behind the kitchen door at the Union Club

I thought you’d get a kick out of seeing what happened behind the kitchen door the day we launched the Union Club’s new menu. I hired photographer Kelly Lawson to capture my team preparing the tasting menu for Wednesday’s sold-out  lunch service.

behind the kitchen door at the Union Club l

General Manager, Deb Tremblay and I had agreed to set the cut-off at seventy guests. The enthusiastic response to attend the menu launch pushed us to ninety. Deb’s excitement over the community’s interest in the Union Club’s new menu inspired me to figure out how I would seamlessly add twenty more plates. Note the word seamlessly… For a professional kitchen, serving ninety people lunch is not difficult, but when you want to knock it out of the park the game changes. Every component on the plate needs to be perfect. I chose to offer a combination of soup, salad and sandwich to highlight the tastes and textures I’ve woven throughout the Union Club’s new lunch menu. My challenge was to figure out how to get ninety plates to our guests with soup steaming, salad greens crisp and the open-faced ham, cheddar and caramelized apple sandwich still crunchy on the bottom and gooey on top. We needed an extra set of hands.

I reached out to Chef Andrew Brewer. For two and a half years, Andrew and I worked side by side at Italian by Night. While working together on the high energy line at IbN, we developed an intuitive kitchen short-hand. He knows exactly what I want, sometimes before I do. Thank you, Andrew. It was a delight to work with you again!

behind the kitchen door at the Union Club l

The kitchen team at the Union Club and I had prepped everything we could leading up to Wednesday’s launch. Chef Matt Murr was responsible for the Sweet Potato Vichyssoise. You see him, below, finishing the soup with heavy cream. Chef Andrew is preparing the soup’s garnish of deep-fried julienne leek. I wanted each soup topped with a leek haystack.

behind the kitchen door at the Union Club l

Matt, Andrew and I were solving how to deliver ninety toasted open-faced ham sandwiches with melted cheddar and oozing caramel apple slices without serving soggy bread. This sandwich is served on house-made oatmeal, cranberry, pecan bread. I wanted it’s debut to be flawless!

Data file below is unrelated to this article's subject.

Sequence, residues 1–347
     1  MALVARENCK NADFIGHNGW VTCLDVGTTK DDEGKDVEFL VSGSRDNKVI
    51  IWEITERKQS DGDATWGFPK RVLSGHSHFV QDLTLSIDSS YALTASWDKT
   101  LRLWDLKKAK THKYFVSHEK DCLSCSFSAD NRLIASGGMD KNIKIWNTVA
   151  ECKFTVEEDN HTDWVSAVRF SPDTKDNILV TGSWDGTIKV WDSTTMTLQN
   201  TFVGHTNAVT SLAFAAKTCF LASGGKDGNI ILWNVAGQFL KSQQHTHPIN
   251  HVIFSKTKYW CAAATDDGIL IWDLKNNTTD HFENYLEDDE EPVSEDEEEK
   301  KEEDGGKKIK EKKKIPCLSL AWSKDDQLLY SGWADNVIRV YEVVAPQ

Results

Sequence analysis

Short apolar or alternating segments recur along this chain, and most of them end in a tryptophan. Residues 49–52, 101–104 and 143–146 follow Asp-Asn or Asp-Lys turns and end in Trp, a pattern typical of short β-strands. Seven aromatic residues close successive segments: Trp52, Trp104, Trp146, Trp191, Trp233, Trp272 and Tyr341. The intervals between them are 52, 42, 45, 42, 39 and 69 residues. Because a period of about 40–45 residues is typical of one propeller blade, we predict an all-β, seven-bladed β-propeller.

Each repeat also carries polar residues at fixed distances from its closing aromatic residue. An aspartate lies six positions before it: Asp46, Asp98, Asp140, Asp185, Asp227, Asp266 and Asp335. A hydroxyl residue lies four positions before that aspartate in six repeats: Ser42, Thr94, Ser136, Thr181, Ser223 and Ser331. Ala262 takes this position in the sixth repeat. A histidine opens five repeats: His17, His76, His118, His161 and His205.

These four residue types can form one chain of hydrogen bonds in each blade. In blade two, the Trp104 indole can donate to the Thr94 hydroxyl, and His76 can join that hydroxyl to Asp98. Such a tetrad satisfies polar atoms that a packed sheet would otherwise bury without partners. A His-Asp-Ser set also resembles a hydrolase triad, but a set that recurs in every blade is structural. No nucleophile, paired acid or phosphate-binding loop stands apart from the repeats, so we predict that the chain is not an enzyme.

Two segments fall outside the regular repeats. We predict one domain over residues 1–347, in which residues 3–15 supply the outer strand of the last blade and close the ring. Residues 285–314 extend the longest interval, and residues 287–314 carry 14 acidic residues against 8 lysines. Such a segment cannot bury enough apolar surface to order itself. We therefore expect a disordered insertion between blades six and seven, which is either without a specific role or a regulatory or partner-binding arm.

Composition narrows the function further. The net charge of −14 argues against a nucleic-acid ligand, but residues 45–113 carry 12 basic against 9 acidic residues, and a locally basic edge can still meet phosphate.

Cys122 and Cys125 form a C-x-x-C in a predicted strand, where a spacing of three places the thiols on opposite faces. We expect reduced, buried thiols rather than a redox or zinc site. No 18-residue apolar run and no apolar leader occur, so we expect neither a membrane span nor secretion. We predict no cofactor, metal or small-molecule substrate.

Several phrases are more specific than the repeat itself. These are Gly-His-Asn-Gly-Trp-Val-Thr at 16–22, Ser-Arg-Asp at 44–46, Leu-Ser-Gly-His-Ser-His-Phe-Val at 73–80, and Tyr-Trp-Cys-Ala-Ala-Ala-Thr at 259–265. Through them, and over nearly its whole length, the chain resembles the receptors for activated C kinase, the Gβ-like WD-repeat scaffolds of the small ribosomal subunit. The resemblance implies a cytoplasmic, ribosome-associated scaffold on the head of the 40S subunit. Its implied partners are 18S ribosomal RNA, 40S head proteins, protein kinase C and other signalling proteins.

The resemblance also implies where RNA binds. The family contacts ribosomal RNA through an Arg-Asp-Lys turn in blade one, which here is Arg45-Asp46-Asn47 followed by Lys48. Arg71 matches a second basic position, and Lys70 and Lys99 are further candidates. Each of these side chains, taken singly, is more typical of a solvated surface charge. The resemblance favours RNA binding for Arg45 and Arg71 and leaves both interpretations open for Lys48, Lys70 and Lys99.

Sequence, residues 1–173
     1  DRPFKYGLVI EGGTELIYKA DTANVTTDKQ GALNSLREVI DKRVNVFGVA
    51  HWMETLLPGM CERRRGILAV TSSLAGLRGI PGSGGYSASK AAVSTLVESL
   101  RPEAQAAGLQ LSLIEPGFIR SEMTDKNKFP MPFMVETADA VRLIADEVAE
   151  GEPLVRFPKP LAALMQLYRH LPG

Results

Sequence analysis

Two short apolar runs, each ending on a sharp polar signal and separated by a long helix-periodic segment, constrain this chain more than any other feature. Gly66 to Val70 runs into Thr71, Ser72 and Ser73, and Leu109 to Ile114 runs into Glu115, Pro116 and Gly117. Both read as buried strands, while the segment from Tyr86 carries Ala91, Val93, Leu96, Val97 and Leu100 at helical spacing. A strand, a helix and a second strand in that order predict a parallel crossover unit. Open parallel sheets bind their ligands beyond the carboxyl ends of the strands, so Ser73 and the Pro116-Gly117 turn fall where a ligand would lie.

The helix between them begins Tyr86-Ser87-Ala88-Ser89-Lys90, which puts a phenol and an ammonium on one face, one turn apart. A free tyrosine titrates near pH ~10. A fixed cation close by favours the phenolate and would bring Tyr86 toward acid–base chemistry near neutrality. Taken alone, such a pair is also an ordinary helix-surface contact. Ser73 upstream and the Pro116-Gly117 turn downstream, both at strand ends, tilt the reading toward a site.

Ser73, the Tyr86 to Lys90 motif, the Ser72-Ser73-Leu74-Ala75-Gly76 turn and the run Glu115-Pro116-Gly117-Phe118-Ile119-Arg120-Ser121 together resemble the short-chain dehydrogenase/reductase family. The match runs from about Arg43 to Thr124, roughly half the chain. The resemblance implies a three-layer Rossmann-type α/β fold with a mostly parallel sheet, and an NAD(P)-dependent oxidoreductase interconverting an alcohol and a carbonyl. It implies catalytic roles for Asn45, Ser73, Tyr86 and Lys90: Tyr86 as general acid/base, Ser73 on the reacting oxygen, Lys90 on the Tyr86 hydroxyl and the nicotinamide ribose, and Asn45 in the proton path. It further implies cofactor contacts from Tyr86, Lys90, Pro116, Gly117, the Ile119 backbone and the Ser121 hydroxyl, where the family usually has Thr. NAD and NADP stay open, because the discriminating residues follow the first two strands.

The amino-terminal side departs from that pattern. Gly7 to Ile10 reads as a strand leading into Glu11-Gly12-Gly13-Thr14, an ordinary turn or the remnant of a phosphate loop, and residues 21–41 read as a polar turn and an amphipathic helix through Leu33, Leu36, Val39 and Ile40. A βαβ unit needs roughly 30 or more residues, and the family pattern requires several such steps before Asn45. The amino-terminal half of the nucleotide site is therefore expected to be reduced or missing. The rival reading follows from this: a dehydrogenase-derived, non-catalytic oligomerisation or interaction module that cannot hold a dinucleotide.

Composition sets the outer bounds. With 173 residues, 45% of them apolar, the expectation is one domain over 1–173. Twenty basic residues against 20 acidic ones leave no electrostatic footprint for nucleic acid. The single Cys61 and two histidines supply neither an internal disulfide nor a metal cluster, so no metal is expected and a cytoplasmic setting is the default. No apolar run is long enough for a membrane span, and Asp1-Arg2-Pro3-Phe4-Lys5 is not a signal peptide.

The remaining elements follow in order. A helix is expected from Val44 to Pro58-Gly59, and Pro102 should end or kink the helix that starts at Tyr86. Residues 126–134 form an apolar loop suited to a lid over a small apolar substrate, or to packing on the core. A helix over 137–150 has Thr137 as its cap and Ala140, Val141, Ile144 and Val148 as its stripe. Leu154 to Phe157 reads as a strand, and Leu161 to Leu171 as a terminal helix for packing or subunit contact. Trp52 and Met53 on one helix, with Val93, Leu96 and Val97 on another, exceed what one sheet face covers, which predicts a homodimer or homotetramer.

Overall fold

To ensure our micro-greens have as much life as possible, Chef Andrew snips them moments before they’re served.

Chef Matt and I having a giggle over how quiet the kitchen is. You could have heard a pin drop while we plated. Every kitchen has a different vibe. When I’m leading a team, I insist on a respectful, calm and focused environment. No cursing, slamming or yelling – Gordon Ramsey would not be welcomed!

behind the kitchen door at the Union Club l

Each focusing on our own task, we built the ninety sandwiches lickity-split. The sandwich would be the last detail added to the plate. When I called for them, all ninety were placed in the convection oven for five minutes. At the sound of the five-minute timer, the oven doors flew open, the hot sandwiches were pulled out, plated and garnished with purple daikon radish micro-greens. It was a thing of beauty. Look at the smile on Dorothy’s face!

No matter what I’m doing, I always check my morning text from my daughter, Meg and my grandson, Coen. He started walking this week.

Portion control is critical in a professional kitchen. You don’t have time to make more food if you over serve and it’s not cost-effective to over prepare. The team’s experience and expertise shone over us as the ninety plates were delivered hot, crispy, crunchy and gooey to our packed room of hungry guests.

The soup cups and pouring jugs were hot to help keep the soup at the right temperature. Because the soup cups sat on the serving plates, we didn’t have to consider the server’s hands.

behind the kitchen door at the Union Club l

The Union Club has matching service for seventy. With ninety attending, we added twenty of another plate pattern. Deb and I go over the seating arrangements so that I know where the matching dishes need to be delivered. The seating key helps keep things straight in the kitchen for the cooks as they plate.

Just before I was called to introduce the new menu, l had a surprise visit from my pal, Chef Axel Begner who had come for lunch.

behind the kitchen door at the Union Club l

Three days before this launch, we did a private menu launch for Union Club members and their families. We had sixty guests coming for the Sunday tasting. The day before, I found myself short-staffed. I called Axel, explained the situation and without hesitation he said, “what time do you need me?” He is the patriarch of cuisine in our city, an inspiration to anybody lucky enough to cook with him and a dream to have as part of my team for the Sunday launch. Thank you Axel!

Thank you so much to the Board of Directors, General Manager, Deb Tremblay, Chef Matt Murr, Dorothy McShane, the front of house staff and the members for giving me the amazing opportunity to cook in the Union Club’s beautiful kitchen. Enjoy your new menu! XO Michelle

Thanks for reading.

photography by Kelly Lawson